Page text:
So my first book, which I wrote with the intention of starting a series, is being read by an agent right now, and I find myself wondering: do those of you who write series start the next in line before the current one is published?  If so, what happens if your editor sends it back and wants major plot changes (that affect the next book)?

 

If you don't start the next book while waiting for the first one to be published, what do you do with yourself while you wait?

 

Just curious how it all works.

 

M.

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I have three in a series, and one stand alone finished and am still looking for an agent. Don't wait, write!

Hummm, waiting for a agent to reply.  The overall chance that an agent will accept your book is very low.  Not because it isn't a great book, but because agents are looking for material that they can SELL to one of  the handful of publishers they know.  They say they represent you, but that is nothing but smoke and mirrors. Like all of us, they are looking to make a living.

 

Once, I had an agent reject a book because she "couldn't stand to read another serial killer story".  The funny part is that it wasn't a serial killer story.  There was only one murder, a murder that the  detective was determined solve even though she was an unimportant person.  Clearly she didn't even read the story.

 

To answer your  question directly, write, write, write.  Do the next book.  Start another series.  IJ said, she wrote 4 books while looking for an agent.

 

These days, a beginning writer needs an agent like a frog needs a bicycle.  The magic word for new writers is simple - ebook.

Yes, I agree with Brian.  But I think you must try all your options before you put the book on Kindle et al. Selling a book that's already published as an e-book to a print publisher becomes tricky, unless you have runaway sales.  And under no circumstances stop writing.  You know there is a place for your books even if the agent/publisher does not come through.  Oh, and make sure you send your book only to agents who have track record of placing authors who write the same kind of book as you do.

I agree with I.J.

 

On self-publishing, it depends on the writer. Even though some writers might not mind doing everything themselves we must remember not every author wants to do that. A lot of authors still want to work with publishers and agents and not have the burden of all that other stuff. So a writer should evaluate their personal goals and pick the mode of publishing they would like to do.


Self-publishing a book is not easy. Just because someone puts it on Kindle does not mean that it will sell. Also the 99 cent pricing thing is no longer working. That gimmick has gotten old and pricing a SP book low is not even a guarantee that it will raise interest. It was something new when Hocking did it, everyone jumped on and now it's not so effective. Plus readers complain all the time about being burned by 99 cent books that are horrible so it taints their perceptions of those that might be decent making it harder for new authors to stick out in self-publishing even if their books are good.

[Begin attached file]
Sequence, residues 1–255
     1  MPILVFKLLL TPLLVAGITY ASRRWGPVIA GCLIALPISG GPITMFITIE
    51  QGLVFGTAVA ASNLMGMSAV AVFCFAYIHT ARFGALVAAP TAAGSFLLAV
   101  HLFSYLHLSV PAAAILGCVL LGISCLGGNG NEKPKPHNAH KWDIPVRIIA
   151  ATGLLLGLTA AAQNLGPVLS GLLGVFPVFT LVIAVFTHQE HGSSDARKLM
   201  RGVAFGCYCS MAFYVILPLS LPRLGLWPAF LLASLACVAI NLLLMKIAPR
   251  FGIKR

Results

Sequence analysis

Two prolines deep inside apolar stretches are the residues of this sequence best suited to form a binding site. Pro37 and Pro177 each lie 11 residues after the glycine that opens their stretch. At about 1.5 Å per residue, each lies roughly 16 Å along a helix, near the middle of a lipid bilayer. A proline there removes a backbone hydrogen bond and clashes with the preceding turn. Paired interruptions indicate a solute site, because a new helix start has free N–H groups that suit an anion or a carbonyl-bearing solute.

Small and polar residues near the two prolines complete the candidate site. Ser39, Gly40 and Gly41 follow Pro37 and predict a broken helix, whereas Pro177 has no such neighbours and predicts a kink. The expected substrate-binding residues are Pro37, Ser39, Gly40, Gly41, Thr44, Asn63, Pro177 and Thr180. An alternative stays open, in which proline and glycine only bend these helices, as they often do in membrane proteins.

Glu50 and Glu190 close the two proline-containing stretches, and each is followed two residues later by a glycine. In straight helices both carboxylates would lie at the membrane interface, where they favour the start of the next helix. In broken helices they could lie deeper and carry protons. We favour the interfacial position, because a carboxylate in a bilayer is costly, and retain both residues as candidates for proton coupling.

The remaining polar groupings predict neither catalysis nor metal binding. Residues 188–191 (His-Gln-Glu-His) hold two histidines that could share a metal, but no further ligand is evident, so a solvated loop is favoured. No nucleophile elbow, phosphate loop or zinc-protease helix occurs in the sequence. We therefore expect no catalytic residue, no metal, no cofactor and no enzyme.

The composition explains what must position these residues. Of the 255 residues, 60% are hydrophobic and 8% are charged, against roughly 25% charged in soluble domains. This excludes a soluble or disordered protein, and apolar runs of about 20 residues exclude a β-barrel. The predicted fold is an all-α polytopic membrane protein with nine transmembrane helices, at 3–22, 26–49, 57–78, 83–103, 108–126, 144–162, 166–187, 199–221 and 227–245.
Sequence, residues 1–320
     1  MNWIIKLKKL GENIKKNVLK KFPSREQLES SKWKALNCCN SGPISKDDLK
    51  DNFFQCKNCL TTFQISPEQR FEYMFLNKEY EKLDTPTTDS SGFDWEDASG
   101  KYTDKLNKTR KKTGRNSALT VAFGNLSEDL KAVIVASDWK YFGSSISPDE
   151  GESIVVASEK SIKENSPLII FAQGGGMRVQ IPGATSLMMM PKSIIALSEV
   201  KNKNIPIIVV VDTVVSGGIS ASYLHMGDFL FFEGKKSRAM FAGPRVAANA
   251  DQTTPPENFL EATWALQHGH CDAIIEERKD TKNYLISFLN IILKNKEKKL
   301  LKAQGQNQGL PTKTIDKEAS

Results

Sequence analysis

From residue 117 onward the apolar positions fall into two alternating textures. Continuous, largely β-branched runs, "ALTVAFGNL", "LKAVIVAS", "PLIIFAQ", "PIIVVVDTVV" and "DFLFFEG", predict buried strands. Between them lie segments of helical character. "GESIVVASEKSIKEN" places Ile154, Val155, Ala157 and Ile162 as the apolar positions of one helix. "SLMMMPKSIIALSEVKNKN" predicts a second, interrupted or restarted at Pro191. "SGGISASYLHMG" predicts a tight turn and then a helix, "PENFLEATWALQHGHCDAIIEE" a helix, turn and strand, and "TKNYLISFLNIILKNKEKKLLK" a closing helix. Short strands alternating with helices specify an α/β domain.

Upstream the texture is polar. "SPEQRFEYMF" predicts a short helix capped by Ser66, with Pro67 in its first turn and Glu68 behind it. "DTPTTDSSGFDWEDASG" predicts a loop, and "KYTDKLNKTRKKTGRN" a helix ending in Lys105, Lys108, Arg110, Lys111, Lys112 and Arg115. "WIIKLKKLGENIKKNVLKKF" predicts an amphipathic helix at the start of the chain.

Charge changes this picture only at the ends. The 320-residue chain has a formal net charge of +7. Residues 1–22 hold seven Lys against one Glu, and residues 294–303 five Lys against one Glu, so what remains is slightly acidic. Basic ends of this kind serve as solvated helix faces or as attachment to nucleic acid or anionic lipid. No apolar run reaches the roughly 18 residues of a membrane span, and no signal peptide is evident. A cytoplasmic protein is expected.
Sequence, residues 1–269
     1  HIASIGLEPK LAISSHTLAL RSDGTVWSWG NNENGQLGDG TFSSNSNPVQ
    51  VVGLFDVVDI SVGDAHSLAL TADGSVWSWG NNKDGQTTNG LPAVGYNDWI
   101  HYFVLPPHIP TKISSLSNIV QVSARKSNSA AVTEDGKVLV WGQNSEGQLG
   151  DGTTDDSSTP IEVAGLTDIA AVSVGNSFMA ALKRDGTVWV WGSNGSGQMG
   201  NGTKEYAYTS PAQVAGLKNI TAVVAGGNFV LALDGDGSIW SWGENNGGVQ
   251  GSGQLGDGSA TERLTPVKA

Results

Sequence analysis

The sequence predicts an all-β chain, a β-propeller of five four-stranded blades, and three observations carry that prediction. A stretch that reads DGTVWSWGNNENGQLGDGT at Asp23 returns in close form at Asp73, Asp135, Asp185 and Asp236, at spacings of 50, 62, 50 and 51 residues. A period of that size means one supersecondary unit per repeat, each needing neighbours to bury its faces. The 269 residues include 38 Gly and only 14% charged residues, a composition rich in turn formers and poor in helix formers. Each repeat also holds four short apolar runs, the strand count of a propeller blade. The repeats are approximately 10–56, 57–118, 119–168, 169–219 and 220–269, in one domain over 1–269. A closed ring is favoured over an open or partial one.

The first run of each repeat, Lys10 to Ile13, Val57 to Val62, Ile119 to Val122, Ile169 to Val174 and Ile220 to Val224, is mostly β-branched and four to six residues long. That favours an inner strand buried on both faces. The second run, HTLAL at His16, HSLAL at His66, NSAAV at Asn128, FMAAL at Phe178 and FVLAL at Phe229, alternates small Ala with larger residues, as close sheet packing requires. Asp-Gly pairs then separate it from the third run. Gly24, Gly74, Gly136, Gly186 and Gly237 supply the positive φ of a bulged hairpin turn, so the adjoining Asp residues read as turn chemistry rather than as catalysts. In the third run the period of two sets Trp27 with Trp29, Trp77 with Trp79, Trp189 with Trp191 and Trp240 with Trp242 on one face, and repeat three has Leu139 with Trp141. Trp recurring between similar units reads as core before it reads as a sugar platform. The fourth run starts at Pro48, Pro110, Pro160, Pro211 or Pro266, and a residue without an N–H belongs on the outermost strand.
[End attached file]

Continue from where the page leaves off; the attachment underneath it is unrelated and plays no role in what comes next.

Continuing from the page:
Self-publishing is even harder than commercial publishing. You have to do everything yourself and have to find time to write which is what a lot of the more successful self-publishers complain about now. They have to promote 98% of the time. If you are the type who doesn't wanna spend your entire time promoting (like most authors don't) then you won't succeed with self-publishing. You have to promote ten times more self-publishing than you would with even a tiny publisher just to get reviews or someone to even know about your book. Just sticking it on Amazon doesn't cut it.


Also about self-publishing ebooks, ebooks have become very popular (I don't touch print books now myself) but there are still a lot of readers who prefer print and still only read print and that's a big market still. But the point is every writer has to choose what's best for them according to what they hope to achieve and their goals. If you want a contract with a publisher then you need to submit to agents or publishers. Don't self-publish thinking down the line it will lead to a commercial deal. No. And if you wanna self-publish, research it and make sure that's what you wanna do.

 

Either way you never wait on anyone before writing something. Keep writing because it's best to have a lot of stuff you can submit than putting all your eggs in one basket with one book.

 

Best Wishes!

http://www.stacy-deanne.net

Did that agent pick ours up?  I have several agnets looking at mine now and I was wondering how long unitl I hear something back, if ever.

Some are quick.  I assume you didn't offer exclusives.  If you care a great deal about a particular agent, it may be ok to do so, but limit the time to one month.

In my opinion, the answer to your first question is YES! I remember reading somewhere that if you are fortunate enough to be picked up by a publisher and your novel does relatively well, your publisher is going to expect the second book in record time. That's a lot of pressure!

So, I wrote the sequel to Mixed Messages before that book was accepted. And I'm very glad I did! Mixed Messages, the first novel in my Malone mystery series, will be released on April 17th and my publisher has already expressed interest in the second book for the series. Fingers crossed but I'm working on some rewriting, editing, etc. on book 2 as we speak.

To answer your second question, what happens if your editor wants major plot changes? You'll do more rewrite and make them!

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